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Latitude 2009

Corinne Salisbury previews this year's Latitude Festival in Suffolk

Dateline: 26th May, 2009

Latitude Festival, held at Henham Park in Suffolk, is now in its fourth year. It may not be best known as a theatre festival, but it is just this knack of incorporating theatre events within the wider mix of dance, literature, comedy and music that makes it such an exciting prospect year after year. Latitude's genius is to have taken a conventional outdoor festival setting and opened it up to almost every art form under the sun - and so convinced festival-goers that no art form is too stuffy to fit with the general air of al fresco revelry. It's part of the wider trend gradually changing perceptions of professional theatre - taking it out of premium-priced West End houses and into forests, fields, warehouses, cathedrals - and outdoor festival stages.

With Latitude, to be exact, there are two performance spaces for theatre - a custom-built indoor Theatre Arena, and the outdoor Waterfront Stage by the lake - and any number of open spaces being commandeered by visiting companies for their shows.

That's not to say you can expect a sort of rock and roll theatre, with established names rolling out their crowd-pleasing hits and lighters-in-the-air numbers. Latitude has in fact been known for showcasing a large amount of bold new work. Last year for instance saw the premiere of the Bush Theatre's 50 Ways To Leave Your Lover, their hit show formed from inviting audience members to offer up their own experiences as the raw material. This year the Bush returns with Sudden Loss Of Dignity: five new plays will be created re-enacting audience members' most embarrassing moments. They are not the only ones taking up the audience-participation baton: the Uninvited Guests production Love Letters Straight From Your Heart invites the audience to contribute their own ideas and soundtrack requests; and OSIP Theatre's A Stab In The Dark is based on people's recollections of losing their virginity.

On the must-see list is the National Theatre giving a rare regional showcasing to a new work: Lucinda Coxon's The Eternal Not, a comedy about a young married couple awaiting the arrival of their first child to grant them their longed-for wedded bliss. Paines Plough meanwhile offer their new production Traces - a collaborative piece with six hot young playwrights working with choreographer Georgina Lamb and director Tessa Walker. And nabokov theatre company present Is Everyone Okay, a brutally honest new play from Fringe First winner Joel Horwood, about a group of people trying to work out basically if they're doing ok or not, and how they tell.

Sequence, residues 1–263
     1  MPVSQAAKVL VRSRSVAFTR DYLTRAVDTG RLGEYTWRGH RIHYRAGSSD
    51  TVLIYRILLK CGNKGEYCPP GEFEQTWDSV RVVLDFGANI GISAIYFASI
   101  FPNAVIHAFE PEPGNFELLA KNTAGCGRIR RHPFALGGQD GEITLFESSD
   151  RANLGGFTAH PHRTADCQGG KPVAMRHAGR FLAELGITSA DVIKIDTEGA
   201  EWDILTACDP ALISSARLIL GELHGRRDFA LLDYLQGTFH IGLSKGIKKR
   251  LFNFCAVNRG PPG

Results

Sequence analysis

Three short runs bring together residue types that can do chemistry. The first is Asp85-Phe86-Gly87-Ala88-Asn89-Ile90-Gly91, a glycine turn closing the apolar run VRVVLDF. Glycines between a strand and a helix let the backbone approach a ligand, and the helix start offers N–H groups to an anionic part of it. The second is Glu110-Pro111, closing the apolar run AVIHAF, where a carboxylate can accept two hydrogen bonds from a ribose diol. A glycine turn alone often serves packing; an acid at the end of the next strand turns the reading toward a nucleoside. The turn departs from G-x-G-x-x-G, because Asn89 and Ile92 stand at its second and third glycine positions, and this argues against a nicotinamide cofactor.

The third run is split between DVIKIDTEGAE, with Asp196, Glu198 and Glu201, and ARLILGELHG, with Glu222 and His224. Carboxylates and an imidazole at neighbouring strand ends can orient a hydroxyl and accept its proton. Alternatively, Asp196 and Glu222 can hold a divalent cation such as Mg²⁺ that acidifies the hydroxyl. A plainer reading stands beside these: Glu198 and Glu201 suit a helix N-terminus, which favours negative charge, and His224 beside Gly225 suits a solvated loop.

The Young Vic and English Touring Theatre combine forces to stage Latitude's first musical: Been So Long is a new work by playwright Ché Walker, set in the seedy backstreet bars of London and exploring the perils and joys of bleary-eyed love, all to a heady funk/soul soundtrack. Also on a musical track, Ben Moor's new one-man show Coelacanth tells the surreal story of a couple trying to stay together amid imaginary flatmates, underground Compliment Clubs, Satanic jazz bands and competitive tree-climbing - accompanied by live music from members of Suns of the Tundra.

Sticking with the more "entertainment" end of things, the Pleasance presents three "Picks" of some of their most highly recommended shows and past Edinburgh hits - these will include the latest comedy from innovative company Hoipolloi. The Lyric will have a new multi-form show to offer; the Tristan Bates Theatre will be conducting crazy experiments during their Midnight Matinee; and 1927 will perform their acclaimed Between The Devil And The Deep Blue Sea, a collection of macabre, music hall-style sketches with video projection interwoven throughout.

Among the wandering performers will be a band of strolling players from the RSC, creating a living portrait of Shakespeare from flowers with help from passers-by, and reciting sonnets all the while. It's hard to summarise the range of other outdoor performance work that may spring from the undergrowth, but suffice to say it will include one-man operatic thrillers, puppetry from Faulty Optic, verbatim recollections of flood devastation in Look Left Look Right's The Caravan, and a new family show from Cambridge Touring Theatre.

While the emphasis may sometimes seem to swing towards the comedy, cabaret and general entertainment end of the spectrum, Latitude's commitment to showcasing new dramatic writing still shines through. The new writing collective DryWrite again have a residency, to showcase six new works by exciting new writers all examining concepts of violence. And Theatre503 will bring to the festival a selection of the 53 new plays they are bringing into existence this year, each inspired by a different stop on the Piccadilly Line.

And all that's not even to mention the new work being shown by Sadler's Wells and the Royal Opera House on the Waterfront Stage, which will also be showing Helen Chadwick's new piece of powerful urban music theatre, Dalston Songs. I take it back - it is all in fact very rock and roll.

Latitude Festival is at Henham Park in Suffolk, 16th - 19th July
www.latitudefestival.co.uk (register for regular news updates at www.latitudefestival.co.uk/register/index.aspx)

Also see www.guardian.co.uk/stage/theatreblog/2009/mar/25/what-to-see-at-latitude

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©Peter Lathan 2009